What kind of doctor should I see if I think I have an allergy?

Start with your primary care provider. They may refer you to an allergy specialist and/or a registered dietitian to help you navigate the food world and avoid the items to which you are allergic.
Jim White
Nutrition & Dietetics
A patient may go see an allergist, a physician specializing in the analysis and treatment of allergies. Several tests may be performed to identify the allergy/allergies. After the allergies are identified, the patient may see a dietician to develop a healthy diet avoiding any of the allergy foods.
Tracy Konoske
Nutrition & Dietetics

I'd like to expand on what Jim White replied...It's important to determine if you have what is called "allergy" which is a Type 1 hypersensitivity reaction. It is IgE mediated and is immediate. These are not always life threatening but they could be. Think of things like peanuts, shellfish, etc. 

Then, there are delayed reactions, which are called food sensitivities. They still involve the immune system, but they are not IgE mediated. They are Type 3 and/or Type 4 hypersensitivity reactions. Because they are delayed, dose dependent (not causing a reaction every single time) and person specific, they are hard to isolate. "Allergy" tests will not pick up a type 3 or type 4 reaction. Alcat and LEAP MRT both will - of the two, MRT has better technology at this point since it can quantify reactions. IgG tests cannot identify chemical triggers, and IgG has been shown to be protective as well as pathogenic. 

Working with a dietitian experienced in this area is paramount. Food triggers can be hidden, and it will work best if the patient can avoid any and all reactive foods for 4-5 weeks while the immune system calms down. Education is needed to do meal planning, grocery shopping, label reading, what to do if a reaction occurs, etc. 

There are many MRT therapist available, myself included. A doctor is needed to order the test if you wish to use insurance. For those without insurance or with poor insurance, a cash price is available and no doctor is required. Just a blood draw and a good attitude:)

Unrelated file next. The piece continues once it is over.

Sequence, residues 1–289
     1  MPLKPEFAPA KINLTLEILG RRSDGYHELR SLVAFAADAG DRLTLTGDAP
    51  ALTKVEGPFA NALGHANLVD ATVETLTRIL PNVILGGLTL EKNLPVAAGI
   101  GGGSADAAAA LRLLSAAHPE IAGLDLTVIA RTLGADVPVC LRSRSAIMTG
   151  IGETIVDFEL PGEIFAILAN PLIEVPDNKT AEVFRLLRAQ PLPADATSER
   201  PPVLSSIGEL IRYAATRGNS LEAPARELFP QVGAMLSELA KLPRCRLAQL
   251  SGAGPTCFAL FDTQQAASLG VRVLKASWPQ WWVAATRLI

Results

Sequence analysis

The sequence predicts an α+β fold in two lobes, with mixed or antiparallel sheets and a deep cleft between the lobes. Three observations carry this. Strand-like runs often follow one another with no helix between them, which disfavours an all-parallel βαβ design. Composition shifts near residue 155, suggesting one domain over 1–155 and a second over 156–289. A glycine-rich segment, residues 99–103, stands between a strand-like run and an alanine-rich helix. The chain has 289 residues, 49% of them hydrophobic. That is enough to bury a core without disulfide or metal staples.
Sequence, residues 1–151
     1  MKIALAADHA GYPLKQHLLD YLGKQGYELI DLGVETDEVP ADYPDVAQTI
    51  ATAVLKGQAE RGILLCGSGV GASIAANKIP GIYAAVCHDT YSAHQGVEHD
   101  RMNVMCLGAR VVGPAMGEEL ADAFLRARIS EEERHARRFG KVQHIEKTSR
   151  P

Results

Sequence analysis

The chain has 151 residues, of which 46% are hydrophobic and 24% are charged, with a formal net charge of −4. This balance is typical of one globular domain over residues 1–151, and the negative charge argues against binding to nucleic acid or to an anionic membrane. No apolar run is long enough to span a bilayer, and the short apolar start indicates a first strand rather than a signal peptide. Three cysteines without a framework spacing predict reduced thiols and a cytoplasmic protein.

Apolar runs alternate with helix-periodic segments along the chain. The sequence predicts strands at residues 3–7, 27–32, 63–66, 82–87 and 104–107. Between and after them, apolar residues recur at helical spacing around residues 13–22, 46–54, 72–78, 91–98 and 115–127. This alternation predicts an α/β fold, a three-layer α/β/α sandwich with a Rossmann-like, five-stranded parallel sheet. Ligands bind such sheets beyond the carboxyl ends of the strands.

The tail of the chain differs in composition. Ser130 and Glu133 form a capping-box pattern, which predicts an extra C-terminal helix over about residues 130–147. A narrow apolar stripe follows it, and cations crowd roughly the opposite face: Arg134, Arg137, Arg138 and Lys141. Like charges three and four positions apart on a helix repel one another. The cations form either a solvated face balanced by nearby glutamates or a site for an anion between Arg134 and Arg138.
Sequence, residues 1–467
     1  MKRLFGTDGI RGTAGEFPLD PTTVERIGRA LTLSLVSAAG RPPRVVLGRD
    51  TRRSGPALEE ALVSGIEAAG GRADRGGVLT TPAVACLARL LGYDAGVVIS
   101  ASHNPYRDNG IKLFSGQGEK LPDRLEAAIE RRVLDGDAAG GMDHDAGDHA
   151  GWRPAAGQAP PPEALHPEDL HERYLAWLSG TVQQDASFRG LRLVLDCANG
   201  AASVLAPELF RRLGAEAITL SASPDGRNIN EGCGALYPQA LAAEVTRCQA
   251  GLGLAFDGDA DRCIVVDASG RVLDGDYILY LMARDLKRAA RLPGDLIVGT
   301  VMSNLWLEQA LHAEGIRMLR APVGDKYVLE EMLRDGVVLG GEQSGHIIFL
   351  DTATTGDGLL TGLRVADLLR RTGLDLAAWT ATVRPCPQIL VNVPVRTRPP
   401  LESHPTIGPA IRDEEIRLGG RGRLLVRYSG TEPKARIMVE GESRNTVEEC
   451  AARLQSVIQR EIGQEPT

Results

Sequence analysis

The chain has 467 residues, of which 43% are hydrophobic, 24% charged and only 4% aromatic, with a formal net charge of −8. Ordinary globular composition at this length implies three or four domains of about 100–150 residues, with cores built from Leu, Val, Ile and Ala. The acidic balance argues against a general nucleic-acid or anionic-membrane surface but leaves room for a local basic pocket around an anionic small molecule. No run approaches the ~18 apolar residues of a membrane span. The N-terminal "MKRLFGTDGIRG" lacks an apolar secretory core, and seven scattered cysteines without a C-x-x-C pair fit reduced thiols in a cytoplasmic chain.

Continue Learning about Allergies Diagnosis

How are skin and blood tests for allergies different?
Paul M. Ehrlich, MDPaul M. Ehrlich, MD
Science shows us that skin tests and blood tests for allergies don't really measure the same thi...
More Answers
What is patch testing for contact allergic reactions?
Dr. Michael Roizen, MDDr. Michael Roizen, MD
If you already know what is causing your rash, say a new soap or the ring you bought on the street t...
More Answers
When are lab tests needed for diagnosing allergies?
It's important to pinpoint exactly what's sparking your allergy symptoms in the first place. Even if...
More Answers
What does RAST mean?
Honor Society of Nursing (STTI)Honor Society of Nursing (STTI)
RAST stands for radioallergosorbent test. This is a blood test used to diagnose allergies. Your bloo...
More Answers

Important: This content reflects information from various individuals and organizations and may offer alternative or opposing points of view. It should not be used for medical advice, diagnosis or treatment. As always, you should consult with your healthcare provider about your specific health needs.